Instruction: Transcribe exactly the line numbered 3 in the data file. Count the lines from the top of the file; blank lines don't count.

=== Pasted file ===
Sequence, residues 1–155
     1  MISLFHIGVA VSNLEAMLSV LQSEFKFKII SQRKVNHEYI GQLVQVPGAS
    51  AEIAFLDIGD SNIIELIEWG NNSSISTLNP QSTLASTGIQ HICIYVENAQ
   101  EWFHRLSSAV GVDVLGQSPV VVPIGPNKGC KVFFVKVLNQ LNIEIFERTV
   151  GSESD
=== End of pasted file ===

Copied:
    51  AEIAFLDIGD SNIIELIEWG NNSSISTLNP QSTLASTGIQ HICIYVENAQ